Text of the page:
Vonage Holdings Corp., capitalizing on the rapid growth of voice-over-Internet protocol telephony services, filed on Feb. 8 for an initial public offering to raise up to $250 million.
The U.S. VoIP leader with about 1.4 million customers, Vonage had been rumored to be putting together an IPO for months. It appears to want most of the cash for marketing costs. Vonage spent $176.3 million on marketing during the first nine months of 2005, up from $31.3 million in the same period in 2004, according to the prospectus filed at the Securities and Exchange Commission.
“To grow our revenue and customer base and enhance awareness of our brand, we have chosen to spend significant amounts on our marketing activities, and we intend to continue to do so,” Vonage said.
Cable companies like Time Warner Cable and Cablevision Systems Corp. — which own both the broadband pipe and the telephony service — are catching up fast. Time Warner ended the fourth quarter with 1.1 million VoIP subscribers. Cablevision had about 601,000 in the third quarter and analysts think that number topped 700,000 at year’s end. For its part, Vonage has secured few cable allies.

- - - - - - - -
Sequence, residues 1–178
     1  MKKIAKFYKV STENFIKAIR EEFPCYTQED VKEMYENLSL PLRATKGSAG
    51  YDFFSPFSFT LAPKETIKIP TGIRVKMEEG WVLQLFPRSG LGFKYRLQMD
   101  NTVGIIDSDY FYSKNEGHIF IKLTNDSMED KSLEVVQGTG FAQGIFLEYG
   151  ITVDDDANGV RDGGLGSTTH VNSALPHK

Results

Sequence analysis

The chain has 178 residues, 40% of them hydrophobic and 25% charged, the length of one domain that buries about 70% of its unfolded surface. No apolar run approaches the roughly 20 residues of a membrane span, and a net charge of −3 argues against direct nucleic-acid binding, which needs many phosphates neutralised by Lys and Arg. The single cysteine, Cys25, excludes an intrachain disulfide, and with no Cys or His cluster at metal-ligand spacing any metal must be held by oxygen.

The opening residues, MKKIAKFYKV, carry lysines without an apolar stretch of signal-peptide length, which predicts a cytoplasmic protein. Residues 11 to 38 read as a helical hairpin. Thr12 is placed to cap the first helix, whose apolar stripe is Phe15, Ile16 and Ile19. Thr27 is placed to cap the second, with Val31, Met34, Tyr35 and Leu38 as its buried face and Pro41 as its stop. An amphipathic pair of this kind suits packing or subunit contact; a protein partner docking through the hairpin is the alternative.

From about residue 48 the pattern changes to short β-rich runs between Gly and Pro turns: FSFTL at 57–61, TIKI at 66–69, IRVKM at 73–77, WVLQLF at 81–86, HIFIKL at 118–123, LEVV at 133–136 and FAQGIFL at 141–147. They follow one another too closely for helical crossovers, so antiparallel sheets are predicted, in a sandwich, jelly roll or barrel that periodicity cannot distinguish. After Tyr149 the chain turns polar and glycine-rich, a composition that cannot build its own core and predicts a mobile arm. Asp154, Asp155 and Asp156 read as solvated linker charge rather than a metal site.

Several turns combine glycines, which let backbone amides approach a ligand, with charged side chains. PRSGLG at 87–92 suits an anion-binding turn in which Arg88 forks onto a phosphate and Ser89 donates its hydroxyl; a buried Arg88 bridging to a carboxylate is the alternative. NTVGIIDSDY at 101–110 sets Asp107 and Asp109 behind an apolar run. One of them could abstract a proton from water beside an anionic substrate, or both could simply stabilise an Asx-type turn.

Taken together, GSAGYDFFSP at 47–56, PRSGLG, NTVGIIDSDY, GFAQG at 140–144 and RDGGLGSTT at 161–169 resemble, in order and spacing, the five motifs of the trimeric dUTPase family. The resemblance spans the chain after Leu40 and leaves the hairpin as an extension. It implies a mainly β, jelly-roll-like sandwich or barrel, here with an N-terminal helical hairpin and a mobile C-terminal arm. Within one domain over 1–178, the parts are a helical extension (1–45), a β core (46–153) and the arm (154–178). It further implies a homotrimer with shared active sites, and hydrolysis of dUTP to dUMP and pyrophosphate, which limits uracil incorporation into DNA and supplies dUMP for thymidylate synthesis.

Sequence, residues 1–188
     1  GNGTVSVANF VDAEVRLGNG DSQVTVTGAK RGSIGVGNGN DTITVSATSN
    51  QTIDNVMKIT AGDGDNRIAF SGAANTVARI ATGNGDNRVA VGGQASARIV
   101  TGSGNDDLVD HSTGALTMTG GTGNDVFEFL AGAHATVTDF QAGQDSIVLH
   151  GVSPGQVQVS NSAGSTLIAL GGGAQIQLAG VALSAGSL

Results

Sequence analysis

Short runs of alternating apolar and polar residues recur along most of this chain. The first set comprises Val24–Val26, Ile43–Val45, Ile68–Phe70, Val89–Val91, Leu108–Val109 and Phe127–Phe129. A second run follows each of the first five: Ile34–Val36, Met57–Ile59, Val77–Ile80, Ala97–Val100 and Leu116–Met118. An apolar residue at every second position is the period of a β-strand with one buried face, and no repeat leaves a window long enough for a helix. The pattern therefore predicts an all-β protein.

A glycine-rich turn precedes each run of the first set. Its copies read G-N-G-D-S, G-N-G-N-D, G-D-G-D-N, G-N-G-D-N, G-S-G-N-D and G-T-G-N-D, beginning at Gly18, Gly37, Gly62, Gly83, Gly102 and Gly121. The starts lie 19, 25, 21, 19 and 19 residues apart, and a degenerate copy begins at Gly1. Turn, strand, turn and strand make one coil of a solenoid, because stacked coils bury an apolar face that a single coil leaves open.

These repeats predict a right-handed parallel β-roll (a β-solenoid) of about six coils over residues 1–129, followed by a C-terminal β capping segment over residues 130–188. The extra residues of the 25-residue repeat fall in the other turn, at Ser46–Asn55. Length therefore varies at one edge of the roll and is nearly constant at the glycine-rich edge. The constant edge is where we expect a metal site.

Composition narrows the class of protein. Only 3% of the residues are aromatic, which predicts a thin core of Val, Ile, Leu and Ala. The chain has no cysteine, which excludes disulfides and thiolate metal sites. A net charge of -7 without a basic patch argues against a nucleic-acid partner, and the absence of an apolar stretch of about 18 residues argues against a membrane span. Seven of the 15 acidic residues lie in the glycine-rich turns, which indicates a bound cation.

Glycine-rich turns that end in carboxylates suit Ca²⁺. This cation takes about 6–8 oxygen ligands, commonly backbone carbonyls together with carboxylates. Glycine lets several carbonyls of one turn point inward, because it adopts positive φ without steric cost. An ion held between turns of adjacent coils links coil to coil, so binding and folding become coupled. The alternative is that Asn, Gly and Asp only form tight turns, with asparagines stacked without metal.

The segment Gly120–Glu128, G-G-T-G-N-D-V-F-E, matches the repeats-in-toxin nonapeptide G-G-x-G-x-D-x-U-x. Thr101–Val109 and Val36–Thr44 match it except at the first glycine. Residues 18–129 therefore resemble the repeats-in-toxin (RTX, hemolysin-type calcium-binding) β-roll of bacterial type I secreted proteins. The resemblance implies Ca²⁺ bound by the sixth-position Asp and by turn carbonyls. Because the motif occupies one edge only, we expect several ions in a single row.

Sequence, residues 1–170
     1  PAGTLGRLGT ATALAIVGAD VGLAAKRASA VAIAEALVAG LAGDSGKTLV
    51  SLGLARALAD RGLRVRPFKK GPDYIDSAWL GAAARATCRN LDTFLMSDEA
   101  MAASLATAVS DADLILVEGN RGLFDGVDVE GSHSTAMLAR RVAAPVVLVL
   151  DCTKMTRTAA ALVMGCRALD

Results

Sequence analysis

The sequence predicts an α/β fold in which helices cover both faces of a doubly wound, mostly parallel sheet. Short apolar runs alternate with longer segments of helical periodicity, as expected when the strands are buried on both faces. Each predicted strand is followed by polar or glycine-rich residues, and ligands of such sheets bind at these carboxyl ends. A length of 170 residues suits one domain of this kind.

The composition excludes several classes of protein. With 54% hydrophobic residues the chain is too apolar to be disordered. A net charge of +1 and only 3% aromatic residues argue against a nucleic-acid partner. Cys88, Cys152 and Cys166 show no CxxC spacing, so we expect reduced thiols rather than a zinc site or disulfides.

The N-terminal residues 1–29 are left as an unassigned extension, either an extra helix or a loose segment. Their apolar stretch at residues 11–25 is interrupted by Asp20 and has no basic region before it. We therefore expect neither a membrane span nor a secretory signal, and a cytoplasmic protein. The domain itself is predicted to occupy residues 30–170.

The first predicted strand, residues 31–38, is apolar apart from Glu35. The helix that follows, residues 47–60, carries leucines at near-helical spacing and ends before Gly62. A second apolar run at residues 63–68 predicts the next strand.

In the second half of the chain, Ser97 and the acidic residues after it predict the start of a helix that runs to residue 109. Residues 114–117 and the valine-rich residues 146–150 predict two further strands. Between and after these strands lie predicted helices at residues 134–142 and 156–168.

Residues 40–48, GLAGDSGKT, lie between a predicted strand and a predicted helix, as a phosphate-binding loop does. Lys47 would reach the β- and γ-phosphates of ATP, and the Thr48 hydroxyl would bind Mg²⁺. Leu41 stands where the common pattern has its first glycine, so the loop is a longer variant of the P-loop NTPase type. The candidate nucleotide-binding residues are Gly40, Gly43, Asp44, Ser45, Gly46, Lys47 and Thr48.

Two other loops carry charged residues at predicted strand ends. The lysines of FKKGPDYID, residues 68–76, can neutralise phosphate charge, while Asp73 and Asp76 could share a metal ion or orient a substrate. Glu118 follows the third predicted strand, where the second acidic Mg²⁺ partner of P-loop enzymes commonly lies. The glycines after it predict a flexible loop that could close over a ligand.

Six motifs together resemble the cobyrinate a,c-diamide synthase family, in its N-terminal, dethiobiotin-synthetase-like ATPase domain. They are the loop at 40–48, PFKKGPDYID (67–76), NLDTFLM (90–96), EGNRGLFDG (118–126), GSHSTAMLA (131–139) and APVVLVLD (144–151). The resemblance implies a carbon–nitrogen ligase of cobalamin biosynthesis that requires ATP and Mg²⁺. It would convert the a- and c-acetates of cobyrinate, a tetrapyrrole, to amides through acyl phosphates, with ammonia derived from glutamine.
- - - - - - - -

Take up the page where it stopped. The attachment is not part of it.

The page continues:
Vonage founder Jeffrey Citron is a complicating factor. He was fined $22.5 million by the SEC in 2003 relating to his involvement with online brokerages Datek Securities Corp. and Datek Online Holdings Corp. He admitted no wrongdoing, but was barred from being associated with any securities broker or dealer.
Citron isn’t barred from running Vonage, but the VoIP provider conceded his past history could spook some potential investors.
“There is a risk that some third parties will not do business with us, that some prospective investors will not purchase our securities or that some customers may be wary of signing up for service,” as a result of the allegations against Citron, Vonage said in the prospectus. It also believes that in the past, some financial institutions and accounting firms have declined to do business with Vonage because of Citron’s checkered past.
Possibly addressing those issues, Vonage said former ADT Security Services president Michael Snyder will become CEO effective Feb. 27. Citron will become chairman of the board and chief strategist.
The prospectus quantifies Vonage rapid growth since 2002. Revenue for the first nine months of 2005 was $174 million, from $971,000 in 2002. Losses have ballooned, too, to $189.6 million in the first nine months of 2005 from a $12.7 million loss in 2004.
The prospectus does not state how many shares will be sold to the public nor does it offer a price range. Citron is currently Vonage’s largest shareholder with 141 million shares (41% of outstanding stock) but the document does not say if that position will change after the IPO.
Citigroup, Deutsche Bank Securities and UBS Investment Bank were listed as underwriters in the prospectus.